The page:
The other parent will lose custody or visitation rights with your child by terminating the parental rights. At Moshtael Family Law, our family law attorneys in San Diego have in-depth knowledge of child abandonment laws and will leave no stone unturned to get the best possible outcome. We understand the challenges of making legal decisions about your child and assist you through this complex legal process.
California Family Code section 7820 gives you the right to take legal action seeking termination of the parental rights of the co-parent that has abandoned the child. Persons who may file for child abandonment cases in San Diego include:
To win a child abandonment case in San Diego, our seasoned parental rights’ termination lawyers at Moshtael Family Law will prove that one or both legal parents intended to abandon the child. The intent to abandon the child by the legal parent can be proven after carefully examining the relevant circumstances of your case.
In determining the intent to abandon the child, the family court in San Diego will consider the following facts backed by evidence:
In cases where the legal parent(s) have made inadequate or insincere efforts to provide support or establish communication with the child, the court may find the child abandoned by the parent(s). The family courts in San Diego will be reluctant to allow parents to maintain their parental rights if they do not demonstrate a genuine and significant effort to provide support and establish communication with their child.
If the judge in San Diego has designated a guardian for the child and the legal parent(s) fail to provide financial support or maintain any form of communication with the child, the court may determine that the child has been abandoned.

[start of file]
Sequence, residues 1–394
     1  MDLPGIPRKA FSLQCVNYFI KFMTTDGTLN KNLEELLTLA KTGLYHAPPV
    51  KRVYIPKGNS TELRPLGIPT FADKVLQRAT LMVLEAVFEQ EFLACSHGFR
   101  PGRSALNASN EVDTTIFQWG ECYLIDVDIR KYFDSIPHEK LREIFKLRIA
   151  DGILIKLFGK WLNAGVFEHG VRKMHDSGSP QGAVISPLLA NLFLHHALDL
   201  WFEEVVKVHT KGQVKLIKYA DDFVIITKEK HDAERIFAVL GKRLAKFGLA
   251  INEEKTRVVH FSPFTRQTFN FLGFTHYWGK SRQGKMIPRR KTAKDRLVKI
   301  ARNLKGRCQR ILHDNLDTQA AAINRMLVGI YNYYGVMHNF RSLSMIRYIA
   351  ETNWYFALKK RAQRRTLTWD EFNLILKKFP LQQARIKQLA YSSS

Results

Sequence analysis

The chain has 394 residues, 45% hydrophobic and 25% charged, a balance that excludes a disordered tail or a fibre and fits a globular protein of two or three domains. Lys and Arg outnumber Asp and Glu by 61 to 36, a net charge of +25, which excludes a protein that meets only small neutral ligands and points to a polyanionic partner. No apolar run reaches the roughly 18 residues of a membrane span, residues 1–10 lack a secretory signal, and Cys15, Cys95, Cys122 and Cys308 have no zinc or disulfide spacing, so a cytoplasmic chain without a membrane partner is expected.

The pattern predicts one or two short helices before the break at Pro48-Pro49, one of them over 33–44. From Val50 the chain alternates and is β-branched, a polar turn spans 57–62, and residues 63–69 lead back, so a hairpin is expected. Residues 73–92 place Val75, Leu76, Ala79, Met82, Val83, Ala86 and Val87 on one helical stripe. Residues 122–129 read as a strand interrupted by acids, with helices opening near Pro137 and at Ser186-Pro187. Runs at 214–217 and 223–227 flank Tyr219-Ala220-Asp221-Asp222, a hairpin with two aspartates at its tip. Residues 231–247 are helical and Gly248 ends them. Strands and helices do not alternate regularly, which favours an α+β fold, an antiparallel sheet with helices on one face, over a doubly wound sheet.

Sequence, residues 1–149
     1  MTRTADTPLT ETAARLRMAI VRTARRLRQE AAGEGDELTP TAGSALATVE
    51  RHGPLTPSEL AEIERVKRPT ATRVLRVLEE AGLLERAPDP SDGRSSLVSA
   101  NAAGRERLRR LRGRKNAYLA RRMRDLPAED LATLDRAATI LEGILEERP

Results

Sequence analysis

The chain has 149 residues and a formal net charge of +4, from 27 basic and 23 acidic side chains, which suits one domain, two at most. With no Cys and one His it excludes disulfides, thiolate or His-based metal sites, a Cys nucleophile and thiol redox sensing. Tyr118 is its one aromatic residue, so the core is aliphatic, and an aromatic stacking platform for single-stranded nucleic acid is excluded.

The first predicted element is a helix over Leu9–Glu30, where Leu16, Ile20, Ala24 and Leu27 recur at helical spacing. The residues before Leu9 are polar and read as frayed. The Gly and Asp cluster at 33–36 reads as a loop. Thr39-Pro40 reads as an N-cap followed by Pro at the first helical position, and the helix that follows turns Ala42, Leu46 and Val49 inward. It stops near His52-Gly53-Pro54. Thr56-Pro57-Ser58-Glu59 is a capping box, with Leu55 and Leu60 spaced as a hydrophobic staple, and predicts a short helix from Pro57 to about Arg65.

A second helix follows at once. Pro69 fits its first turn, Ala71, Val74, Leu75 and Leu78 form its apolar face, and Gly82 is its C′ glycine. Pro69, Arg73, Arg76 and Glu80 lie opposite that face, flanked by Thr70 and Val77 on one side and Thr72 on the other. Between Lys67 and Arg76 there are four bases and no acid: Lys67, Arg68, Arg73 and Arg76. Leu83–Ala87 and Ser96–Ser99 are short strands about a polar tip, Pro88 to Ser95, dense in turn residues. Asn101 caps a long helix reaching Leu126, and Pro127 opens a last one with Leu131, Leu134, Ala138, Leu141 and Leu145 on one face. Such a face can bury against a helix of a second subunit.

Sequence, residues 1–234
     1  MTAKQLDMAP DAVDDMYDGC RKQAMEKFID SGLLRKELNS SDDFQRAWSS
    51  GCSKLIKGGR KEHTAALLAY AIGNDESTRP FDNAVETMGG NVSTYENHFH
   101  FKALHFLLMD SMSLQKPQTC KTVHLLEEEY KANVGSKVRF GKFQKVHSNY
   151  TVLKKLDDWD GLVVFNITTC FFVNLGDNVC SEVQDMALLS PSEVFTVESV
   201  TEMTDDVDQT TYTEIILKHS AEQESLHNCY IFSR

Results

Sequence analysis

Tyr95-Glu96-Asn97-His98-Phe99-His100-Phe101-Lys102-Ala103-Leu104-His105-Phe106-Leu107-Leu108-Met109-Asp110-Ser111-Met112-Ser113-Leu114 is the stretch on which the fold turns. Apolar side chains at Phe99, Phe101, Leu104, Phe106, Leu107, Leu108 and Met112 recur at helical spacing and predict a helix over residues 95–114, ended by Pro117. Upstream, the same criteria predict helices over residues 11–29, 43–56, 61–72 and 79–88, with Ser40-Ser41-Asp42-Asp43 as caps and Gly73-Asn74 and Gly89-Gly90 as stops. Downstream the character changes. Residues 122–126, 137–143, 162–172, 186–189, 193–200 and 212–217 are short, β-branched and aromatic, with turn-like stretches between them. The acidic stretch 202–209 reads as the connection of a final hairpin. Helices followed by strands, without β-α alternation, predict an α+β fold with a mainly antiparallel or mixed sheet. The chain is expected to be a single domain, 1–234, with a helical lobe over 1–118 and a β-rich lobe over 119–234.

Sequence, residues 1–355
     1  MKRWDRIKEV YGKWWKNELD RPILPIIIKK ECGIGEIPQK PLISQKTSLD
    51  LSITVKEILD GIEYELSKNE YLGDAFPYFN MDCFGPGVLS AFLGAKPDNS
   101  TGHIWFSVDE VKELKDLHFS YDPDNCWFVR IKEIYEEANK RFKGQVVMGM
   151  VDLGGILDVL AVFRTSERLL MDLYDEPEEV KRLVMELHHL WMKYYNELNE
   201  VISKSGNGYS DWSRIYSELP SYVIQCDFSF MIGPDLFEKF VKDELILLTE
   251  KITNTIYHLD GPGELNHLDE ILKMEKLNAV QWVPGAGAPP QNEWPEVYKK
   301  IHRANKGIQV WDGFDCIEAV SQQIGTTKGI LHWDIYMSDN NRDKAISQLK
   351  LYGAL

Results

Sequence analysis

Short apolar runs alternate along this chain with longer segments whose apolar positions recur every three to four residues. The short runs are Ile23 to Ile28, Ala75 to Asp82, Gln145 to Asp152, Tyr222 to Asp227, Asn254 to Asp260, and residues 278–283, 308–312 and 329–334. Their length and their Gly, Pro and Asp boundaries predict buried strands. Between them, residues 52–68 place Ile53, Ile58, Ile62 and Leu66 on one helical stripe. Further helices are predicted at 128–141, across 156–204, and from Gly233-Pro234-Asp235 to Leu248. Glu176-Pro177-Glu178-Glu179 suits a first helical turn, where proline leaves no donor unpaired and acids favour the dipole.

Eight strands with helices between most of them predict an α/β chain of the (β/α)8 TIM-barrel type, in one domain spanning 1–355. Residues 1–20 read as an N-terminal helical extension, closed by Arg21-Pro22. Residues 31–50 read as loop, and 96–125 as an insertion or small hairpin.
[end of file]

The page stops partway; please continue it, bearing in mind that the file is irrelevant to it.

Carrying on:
When parents fail to provide for and/or safeguard their child or subject their child to abuse or neglect, they may face a juvenile dependency action which can result in the termination of their parental rights. Legal parents are usually given multiple chances to fulfill family reunification plans along with support services. Furthermore, if they cannot safely reunite with their child, the courts will terminate their parental as soon as a suitable foster parent is identified.
Voluntary relinquishment of parental rights occurs when a parent decides to terminate their legal relationship with the child of their own accord. In doing so, the parent forfeits their ability to make legal decisions regarding the child's safety and well-being.
Voluntarily relinquishment covers various aspects of raising the child, including decisions such as selecting a child's religious affiliation, educational institution, or medical treatment. Once voluntary relinquishment of parental rights takes place, the action is irreversible. The process can be finalized only when another individual assumes the role and responsibilities of the parent who is relinquishing their rights.
During adoption proceedings in family court, parents may voluntarily surrender their parental rights if they relinquish their child to an independent adoption agency.
In the context of a stepparent or domestic partner adoption, a parent may voluntarily relinquish their parental rights. This enables the stepparent (the custodial parent's new spouse) to adopt the child legally. The non-custodial parent must demonstrate to the San Diego family court that they have willfully abandoned the child.
Are you worried because the other co-parent has shown no involvement in your child's life, whether through financial support or visitation? Have you been providing care for a child whose legal parents have failed to exercise their parental rights for over six months? If either of these scenarios applies to you, our San Diego child abandoment attorneys at Moshtael Family Law can assist you in pursuing the termination of parental rights of the other parent or the legal guardians of your child.
Our attorneys have successfully assisted in the termination of custody rights for parents who have abandoned their children. From the moment you engage our firm, you can count on our expertise and commitment to prepare strong evidence and fight hard to achieve the best outcome in your case. Our lawyers know the ins and outs of how the legal system works in San Diego and can successfully deal with even the most intricate child abandonment issues.
We are dedicated to providing compassionate and practical advice and the best legal representation to protect your child's rights and ensure their well-being. Call us at 619-639-9898 or contact us online to schedule your free and confidential consultation with our legal team today.